In 1988, I attended the first tour of the AIDS Quilt at the Castle in Boston. Anyone with even a shred of humanity couldn't leave the Castle's hall without feeling helpless and lost at what they had witnessed. Being in that hall underscored the darkness we were all living through.

The Quilt tour was so long ago, almost 30 years. We thought AIDS would be eradicated long before now...

And now, I am working to help achieve the mission to close the book on AIDS.

On June 4th - June 10th, I will be one of over 3,000 Cyclists, Roadies, and Virtual Cyclists participating in AIDS/LifeCycle, a 545-mile bike ride from San Francisco to Los Angeles to raise funds for the life-saving services offered by San Francisco AIDS Foundation and the Los Angeles LGBT Center.

The services provided as a result of this event mean the world to those who receive them, and your support means the world to me.

Did you know?:

  • At the end of 2013, the most recent year for which such data are available, an estimated 1,242,000 adults and adolescents were living with HIV
  • The San Francisco AIDS Foundation provides: Affordable Healthcare, Harm Reduction, HIV Testing, Solvency, Housing, and Strategy


Note: If you're like myself, you want to ensure that the organization you're donating to is ethical and fiscally responsible. This site discusses the fiscal health of the organization, and the services that it provides: http://tinyurl.com/herp49n . Also, Charity Navigator gives the SF AIDS Foundation an 87.36 rating http://tinyurl.com/CharityNavSFAIDSFoundation where 48% of funds raised are spent on human services. Similarly, the LA LGBT Center has a Charity Navigator rating of 94 http://tinyurl.com/CharityNavLALGBTCtr where all funds raised are spent on human services.

Memory Lane Monday: Lincoln-Sudbury-Wayland-Weston

It's Patriot's Day (and Marathon Day) here in Massachusetts...  This means a sizable number of Massachusetts workers had the day off.

I, however, went in, worked the morning, then taught my group exercise class.  Only one person showed!

My late-afternoon meeting got canceled, so I slipped out around then to get a training ride in.  I felt lucky to be taking advantage of this ideal, early-spring day:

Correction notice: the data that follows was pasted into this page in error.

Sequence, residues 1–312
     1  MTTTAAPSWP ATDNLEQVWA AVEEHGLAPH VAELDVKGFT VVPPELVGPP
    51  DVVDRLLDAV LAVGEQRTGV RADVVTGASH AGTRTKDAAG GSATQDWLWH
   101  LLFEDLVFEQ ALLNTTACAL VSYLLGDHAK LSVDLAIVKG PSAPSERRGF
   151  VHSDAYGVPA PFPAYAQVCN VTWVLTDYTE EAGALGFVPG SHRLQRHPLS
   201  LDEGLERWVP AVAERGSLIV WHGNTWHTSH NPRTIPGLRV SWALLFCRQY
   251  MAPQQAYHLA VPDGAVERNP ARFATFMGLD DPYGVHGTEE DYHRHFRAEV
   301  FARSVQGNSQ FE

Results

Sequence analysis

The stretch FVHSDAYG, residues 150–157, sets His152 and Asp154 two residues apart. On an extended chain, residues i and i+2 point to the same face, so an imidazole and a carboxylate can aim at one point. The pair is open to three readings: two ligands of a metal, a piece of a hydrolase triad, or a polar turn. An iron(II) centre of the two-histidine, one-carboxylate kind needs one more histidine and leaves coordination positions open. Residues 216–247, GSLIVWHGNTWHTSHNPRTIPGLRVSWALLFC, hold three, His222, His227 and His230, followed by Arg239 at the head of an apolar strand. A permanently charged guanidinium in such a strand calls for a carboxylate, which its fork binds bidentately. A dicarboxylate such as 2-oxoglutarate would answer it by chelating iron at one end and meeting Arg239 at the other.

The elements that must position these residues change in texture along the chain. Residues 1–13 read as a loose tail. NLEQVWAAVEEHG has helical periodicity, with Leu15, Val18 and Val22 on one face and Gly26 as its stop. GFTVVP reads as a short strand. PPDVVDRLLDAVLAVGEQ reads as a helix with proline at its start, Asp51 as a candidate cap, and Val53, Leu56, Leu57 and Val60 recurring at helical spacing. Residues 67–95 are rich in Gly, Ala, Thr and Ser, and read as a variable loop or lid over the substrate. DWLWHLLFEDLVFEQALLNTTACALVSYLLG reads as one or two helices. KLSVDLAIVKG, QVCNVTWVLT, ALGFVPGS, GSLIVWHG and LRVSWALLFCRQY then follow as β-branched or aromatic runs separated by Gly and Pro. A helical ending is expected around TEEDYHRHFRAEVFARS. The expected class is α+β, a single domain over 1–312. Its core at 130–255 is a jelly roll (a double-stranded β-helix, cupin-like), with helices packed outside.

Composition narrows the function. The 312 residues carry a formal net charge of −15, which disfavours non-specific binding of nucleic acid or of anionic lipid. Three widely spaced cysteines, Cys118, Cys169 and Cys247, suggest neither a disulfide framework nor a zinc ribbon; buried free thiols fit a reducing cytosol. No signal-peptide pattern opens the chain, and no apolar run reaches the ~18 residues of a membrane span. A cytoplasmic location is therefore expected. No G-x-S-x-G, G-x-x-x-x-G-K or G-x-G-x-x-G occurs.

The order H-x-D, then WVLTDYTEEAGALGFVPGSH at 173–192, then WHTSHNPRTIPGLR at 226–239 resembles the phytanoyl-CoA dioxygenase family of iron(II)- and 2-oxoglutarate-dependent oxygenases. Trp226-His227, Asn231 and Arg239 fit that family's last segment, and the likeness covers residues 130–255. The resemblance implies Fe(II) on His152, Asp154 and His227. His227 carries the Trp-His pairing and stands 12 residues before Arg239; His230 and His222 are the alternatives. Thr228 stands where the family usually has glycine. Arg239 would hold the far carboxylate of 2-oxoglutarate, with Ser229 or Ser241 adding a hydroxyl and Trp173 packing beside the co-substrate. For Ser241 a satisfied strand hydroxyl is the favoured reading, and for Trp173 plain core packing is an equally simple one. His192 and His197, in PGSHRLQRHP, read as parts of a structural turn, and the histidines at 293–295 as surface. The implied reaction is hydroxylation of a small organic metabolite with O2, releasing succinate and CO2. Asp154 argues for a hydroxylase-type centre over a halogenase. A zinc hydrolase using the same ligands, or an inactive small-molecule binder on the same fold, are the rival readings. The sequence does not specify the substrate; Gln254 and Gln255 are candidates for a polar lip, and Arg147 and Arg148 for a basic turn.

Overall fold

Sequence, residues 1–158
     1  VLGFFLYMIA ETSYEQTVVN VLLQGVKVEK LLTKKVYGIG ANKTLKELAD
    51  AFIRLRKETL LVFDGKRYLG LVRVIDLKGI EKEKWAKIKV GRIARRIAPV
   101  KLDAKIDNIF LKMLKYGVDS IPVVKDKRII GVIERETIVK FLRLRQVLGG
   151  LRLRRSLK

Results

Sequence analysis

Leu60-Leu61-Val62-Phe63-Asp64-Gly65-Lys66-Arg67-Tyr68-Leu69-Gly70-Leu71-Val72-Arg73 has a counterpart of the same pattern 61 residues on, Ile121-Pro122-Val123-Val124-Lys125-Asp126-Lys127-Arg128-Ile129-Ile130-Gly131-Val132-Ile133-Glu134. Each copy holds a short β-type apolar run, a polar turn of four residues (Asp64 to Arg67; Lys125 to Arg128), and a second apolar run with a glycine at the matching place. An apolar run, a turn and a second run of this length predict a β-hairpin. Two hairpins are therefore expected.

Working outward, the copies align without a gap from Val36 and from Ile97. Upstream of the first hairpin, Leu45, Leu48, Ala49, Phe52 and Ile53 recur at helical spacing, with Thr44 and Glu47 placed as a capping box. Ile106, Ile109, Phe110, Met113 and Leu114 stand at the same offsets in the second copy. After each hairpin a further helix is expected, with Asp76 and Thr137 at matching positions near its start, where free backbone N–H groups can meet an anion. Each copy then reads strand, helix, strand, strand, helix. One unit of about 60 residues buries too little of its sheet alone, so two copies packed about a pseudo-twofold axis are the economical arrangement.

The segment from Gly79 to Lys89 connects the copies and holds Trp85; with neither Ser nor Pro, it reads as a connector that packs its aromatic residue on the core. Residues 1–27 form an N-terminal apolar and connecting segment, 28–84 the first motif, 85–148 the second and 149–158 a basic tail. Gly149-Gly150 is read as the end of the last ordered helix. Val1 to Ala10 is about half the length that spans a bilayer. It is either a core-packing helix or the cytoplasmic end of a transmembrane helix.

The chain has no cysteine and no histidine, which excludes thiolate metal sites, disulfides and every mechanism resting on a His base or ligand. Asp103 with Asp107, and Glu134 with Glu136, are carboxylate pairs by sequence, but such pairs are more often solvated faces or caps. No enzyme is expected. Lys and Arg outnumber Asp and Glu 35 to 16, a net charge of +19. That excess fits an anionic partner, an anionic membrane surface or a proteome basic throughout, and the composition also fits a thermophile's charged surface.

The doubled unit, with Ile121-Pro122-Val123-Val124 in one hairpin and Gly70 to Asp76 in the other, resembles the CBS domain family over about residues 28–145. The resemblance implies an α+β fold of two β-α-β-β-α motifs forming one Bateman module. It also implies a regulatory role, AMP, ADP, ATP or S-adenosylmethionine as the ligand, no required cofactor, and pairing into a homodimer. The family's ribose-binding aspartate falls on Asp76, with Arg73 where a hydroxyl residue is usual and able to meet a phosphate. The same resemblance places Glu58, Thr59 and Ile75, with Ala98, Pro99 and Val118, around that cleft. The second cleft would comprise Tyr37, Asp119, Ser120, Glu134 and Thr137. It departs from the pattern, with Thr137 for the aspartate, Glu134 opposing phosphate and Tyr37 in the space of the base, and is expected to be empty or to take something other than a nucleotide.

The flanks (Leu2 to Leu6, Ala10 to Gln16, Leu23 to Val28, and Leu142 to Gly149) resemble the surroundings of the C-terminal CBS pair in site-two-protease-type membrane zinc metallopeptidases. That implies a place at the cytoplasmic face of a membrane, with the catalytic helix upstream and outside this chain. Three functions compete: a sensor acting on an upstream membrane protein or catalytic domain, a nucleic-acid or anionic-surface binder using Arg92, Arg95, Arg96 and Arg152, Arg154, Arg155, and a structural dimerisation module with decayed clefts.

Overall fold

There's a ride out of Waltham, that I love, that I had to stop doing long ago because of serious workday traffic gridlock and when-will-it-ever-be-done bridge-repair detours.  Since I knew traffic would be very mild and the bridge repairs completed, I programmed the route and pedaled out from the former Poloroid parking lot with placidity (details here: Memory Lane Monday Ride)

The first time I ever did this route was 27 years ago this month with Jane Critchlow.  We bought the book Short Bike Rides in Greater Boston and Central Massachusetts by Howard Stone and thought a 14-mile ride was anything but short.  We had to work up to the 25-mile version of the ride.  Pre-GPS, we needed to refer to the bulky book for navigation (hated it).

I'm guessing Stone hand-drew his maps back then:

Waltham Ride Map

Stone's promo photo for the entry is of two very-eighties-looking riders in old Sudbury center moseying along, back when it was so much quieter:

Waltham Ride Sudbury Center Image

Discovering some of Boston's best, western-suburbs bicycling routes was a magical time for me.  Jane was equally as enthusiastic about the back roads pedaling experience, so those memories of our enhanced weekends are warm and pleasing.

I kept a journal back then and said this of the ride, "The new territory was welcomed.  Bird sanctuaries, golf courses, and cheerful back roads with golden retrievers engulfed us.  We stopped on a very convenient log to consume rice-bread-cashew-and-jellies.  Time was of the essence; we returned late and raced home feeling grateful to have experienced more of the most scenic and often undiscovered terrain in Massachusetts."

To compare today's experience to 1991, well, there's so much more traffic.  Yet, it still was gladdening to revisit one of the germination sources of a true athletic passion in my life...

Meanwhile, I am 72% to my fundraising goal -- I have $1,380 more to raise with only 48 days left!  (If you are still looking to make a donation to my effort, please click here to do so: https://goo.gl/Dulnjk)

And so my dear friends, I close with a rare photo of our bikes we had back then, back when I didn't know how to spell Esmeralda... My Specialized Epic Allez and Jane's Trek 1100:





TBT: Working to end AIDS

In 1993, I was one of the early AIDS Action Committee participants to walk for the cause in a Boston event called the AIDS Pledge Walk.

Back then, unwarranted stigma associated with HIV was particularly evident.  For instance, when asked if it would match donations, EMC didn't want its namesake associated with HIV in any way whatsoever; a virus, no less.

Many of my fellow employees in EMC Engineering knew this was wholly discriminatory and made donations regardless of the controversy.  Their gesture may not seem like much now, but it was a big deal then.  I'll never forget the positive feeling of receiving my first donation from Joe Murphy.  It gave me hope for the future.

I think those with HIV still experience unwarranted stigma even today.  It's amazing to say that because, again, it's a virus!  

As folks donate to my cause now, 24 years later, I feel hopeful again, that these fundraising efforts, at the very minimum, do the important work of diminishing ignorance about those with HIV, and in turn, any other misunderstood medical condition.

Here we are in 1993:

1993 AIDS Walk Poster 3

Meanwhile, it's been tough getting on the road because of weather and scheduling conflicts, but I was able to get a little training ride in yesterday after work:  Lexington17

65 days until the event kicks off in San Francisco! ... Thank you ALL who have already donated -- I am 61% to my $5,000 goal!